A woman is said to have chronic hypertension when she starts having elevated levels of blood pressure even before she got pregnant or had developed it before the 20th week of pregnancy.

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Most doctors find it difficult diagnosing this disease, and this is because generally, high blood pressure has no symptoms, and sometimes, it is only natural for a woman who is pregnant to have slightly increased blood pressure.

3. Chronic hypertension with superimposed Preeclampsia

This is a condition that mostly affects women who have high blood pressure before pregnancy, and also during pregnancy. These women tend to have Preeclampsia, thereby causing problems with their internal organs, especially the liver and kidneys.

This will then lead to the woman having hyperproteinuria, hyperproteinemia, or other health complications while she is pregnant.

What then causes Eclampsia?

Eclampsia is a condition that occurs after Preeclampsia; hence, we can say that Preeclampsia causes Eclampsia.

However, recent research has shown that when there is a high level of protein in the blood(hyperproteinemia), there is a tendency of Preeclampsia to occur and almost immediately Eclampsia.

Generally, one of the problems caused by Preeclampsia is kidney failure. Hyperprotenemia or proteinuria(which occurs when there are high levels of protein in the urine) are all side effects of kidney failure, and as such, this can cause Eclampsia.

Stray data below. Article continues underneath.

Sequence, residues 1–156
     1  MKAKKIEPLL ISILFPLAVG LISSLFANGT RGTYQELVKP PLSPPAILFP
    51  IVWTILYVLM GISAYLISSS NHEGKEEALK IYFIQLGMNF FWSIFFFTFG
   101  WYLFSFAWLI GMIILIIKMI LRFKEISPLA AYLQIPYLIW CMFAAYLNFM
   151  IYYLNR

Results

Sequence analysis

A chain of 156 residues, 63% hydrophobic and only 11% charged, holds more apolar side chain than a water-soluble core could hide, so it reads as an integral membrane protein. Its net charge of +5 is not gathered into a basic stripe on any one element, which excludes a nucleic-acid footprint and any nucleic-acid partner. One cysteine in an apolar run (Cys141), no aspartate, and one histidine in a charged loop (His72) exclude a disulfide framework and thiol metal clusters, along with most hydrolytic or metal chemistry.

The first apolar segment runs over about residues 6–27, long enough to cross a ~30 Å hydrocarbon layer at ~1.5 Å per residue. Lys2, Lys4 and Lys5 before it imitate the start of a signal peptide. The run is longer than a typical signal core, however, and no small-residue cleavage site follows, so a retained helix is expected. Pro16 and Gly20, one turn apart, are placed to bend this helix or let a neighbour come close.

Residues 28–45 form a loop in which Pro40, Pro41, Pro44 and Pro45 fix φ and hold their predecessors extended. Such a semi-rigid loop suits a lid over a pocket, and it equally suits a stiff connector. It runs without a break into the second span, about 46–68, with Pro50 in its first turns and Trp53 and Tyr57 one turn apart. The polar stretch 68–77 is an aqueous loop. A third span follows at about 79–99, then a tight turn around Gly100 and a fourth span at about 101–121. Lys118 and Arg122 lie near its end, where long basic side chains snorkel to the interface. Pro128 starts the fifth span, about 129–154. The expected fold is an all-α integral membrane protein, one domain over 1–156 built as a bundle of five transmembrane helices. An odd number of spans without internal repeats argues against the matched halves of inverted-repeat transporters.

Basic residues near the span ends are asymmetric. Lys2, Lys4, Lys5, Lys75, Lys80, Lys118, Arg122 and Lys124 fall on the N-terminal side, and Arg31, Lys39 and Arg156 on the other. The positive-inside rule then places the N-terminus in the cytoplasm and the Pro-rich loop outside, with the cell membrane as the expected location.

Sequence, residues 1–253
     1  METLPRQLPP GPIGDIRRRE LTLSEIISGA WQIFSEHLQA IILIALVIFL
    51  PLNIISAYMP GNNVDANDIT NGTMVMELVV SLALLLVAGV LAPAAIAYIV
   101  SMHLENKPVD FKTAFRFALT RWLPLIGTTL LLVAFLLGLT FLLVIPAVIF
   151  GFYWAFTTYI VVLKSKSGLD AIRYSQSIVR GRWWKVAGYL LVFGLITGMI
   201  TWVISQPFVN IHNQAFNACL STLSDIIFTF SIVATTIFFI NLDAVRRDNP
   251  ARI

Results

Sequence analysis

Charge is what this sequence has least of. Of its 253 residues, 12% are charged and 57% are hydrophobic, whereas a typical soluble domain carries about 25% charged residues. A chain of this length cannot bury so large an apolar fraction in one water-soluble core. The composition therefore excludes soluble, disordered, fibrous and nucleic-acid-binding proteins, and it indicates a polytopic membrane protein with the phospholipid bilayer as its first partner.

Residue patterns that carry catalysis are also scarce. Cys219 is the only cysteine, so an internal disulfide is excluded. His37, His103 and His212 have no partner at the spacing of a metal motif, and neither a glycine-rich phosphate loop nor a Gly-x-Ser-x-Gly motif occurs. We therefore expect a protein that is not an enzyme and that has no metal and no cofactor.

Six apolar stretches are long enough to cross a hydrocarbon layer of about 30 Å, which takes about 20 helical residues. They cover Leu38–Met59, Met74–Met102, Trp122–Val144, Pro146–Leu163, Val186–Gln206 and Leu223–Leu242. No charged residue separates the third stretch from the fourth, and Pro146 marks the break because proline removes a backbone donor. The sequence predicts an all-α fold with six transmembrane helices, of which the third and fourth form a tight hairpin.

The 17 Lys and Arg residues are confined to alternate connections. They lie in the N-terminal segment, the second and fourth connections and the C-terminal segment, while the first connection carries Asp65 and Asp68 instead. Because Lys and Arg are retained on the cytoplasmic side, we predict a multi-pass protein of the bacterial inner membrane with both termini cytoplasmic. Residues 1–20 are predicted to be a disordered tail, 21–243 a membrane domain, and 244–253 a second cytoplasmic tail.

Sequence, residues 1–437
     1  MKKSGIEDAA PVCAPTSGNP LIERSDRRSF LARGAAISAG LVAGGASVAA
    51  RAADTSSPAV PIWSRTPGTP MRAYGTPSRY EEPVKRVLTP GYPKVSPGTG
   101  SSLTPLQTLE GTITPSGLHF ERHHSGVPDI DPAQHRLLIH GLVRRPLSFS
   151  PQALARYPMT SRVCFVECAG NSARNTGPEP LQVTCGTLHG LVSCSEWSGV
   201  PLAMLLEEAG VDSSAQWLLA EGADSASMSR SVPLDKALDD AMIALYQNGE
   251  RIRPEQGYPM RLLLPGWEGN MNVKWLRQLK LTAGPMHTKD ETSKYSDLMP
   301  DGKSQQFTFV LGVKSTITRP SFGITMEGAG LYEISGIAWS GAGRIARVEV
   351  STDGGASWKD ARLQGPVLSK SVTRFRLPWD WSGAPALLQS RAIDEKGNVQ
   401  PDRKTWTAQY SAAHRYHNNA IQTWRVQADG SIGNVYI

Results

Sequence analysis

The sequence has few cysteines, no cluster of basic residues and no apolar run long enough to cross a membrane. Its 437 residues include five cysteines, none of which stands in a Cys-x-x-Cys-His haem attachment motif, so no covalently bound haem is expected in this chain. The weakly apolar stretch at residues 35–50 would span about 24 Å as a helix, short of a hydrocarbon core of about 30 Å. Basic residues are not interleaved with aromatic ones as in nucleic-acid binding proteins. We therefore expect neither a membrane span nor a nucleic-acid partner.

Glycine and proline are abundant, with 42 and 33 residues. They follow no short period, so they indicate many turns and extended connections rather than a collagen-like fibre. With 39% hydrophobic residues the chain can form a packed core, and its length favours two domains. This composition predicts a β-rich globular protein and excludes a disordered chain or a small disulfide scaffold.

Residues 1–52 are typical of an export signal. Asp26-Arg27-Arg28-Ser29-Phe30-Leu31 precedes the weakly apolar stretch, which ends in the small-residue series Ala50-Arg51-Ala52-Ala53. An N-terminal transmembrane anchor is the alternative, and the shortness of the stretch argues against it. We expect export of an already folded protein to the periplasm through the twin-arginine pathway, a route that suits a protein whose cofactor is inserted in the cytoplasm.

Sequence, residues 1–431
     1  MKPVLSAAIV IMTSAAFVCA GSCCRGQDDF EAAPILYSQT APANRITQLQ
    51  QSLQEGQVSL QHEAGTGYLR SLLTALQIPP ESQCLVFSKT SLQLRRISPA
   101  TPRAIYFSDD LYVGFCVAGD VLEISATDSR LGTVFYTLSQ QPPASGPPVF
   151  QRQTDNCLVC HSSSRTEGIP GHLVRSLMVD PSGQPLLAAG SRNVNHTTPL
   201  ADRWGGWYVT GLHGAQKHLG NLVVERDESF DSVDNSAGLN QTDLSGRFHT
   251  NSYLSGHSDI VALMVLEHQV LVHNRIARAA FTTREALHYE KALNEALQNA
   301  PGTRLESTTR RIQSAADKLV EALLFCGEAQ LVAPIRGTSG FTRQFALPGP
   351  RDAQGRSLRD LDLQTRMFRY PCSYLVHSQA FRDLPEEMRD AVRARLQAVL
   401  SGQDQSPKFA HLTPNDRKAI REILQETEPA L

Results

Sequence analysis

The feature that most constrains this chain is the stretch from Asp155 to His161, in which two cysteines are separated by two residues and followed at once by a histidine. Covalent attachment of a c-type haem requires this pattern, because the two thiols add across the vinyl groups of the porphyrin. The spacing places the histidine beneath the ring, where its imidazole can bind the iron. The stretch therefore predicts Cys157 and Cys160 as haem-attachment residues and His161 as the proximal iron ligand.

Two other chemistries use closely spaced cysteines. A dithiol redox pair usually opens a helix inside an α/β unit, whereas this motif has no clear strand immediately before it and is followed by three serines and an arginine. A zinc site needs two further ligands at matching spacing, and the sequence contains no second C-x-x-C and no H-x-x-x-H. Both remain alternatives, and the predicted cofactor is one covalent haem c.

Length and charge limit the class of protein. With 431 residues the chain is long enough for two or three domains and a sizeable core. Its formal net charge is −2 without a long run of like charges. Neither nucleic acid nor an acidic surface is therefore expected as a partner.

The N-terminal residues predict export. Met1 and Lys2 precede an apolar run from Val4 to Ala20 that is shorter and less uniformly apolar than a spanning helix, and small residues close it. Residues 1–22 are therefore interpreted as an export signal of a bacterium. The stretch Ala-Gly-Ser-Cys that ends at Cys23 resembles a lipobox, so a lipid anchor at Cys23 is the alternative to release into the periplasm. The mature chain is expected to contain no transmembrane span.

What are the symptoms of Preeclampsia

Sometimes, Preeclampsia usually develops without showing any signs. On the other hand, hypertension may develop slowly over time; however, in some cases, it begins with a sudden onset.

This means that one day, your blood pressure may be normal, and the next, your blood pressure may have skyrocketed.

Little wonder why one of the important things to monitor during antenatal care is the rate of blood pressure increase. This is because one of the first signs, which also happens to be the most significant one, is an elevated level of blood pressure.

The normal blood pressure is 120/80mmhg with a range of 100-120mmhg/60-80mmhg. Any blood pressure that starts to indicate 140/90mmhg or above is an abnormal one, and this is an indication of high blood pressure popularly known as hypertension.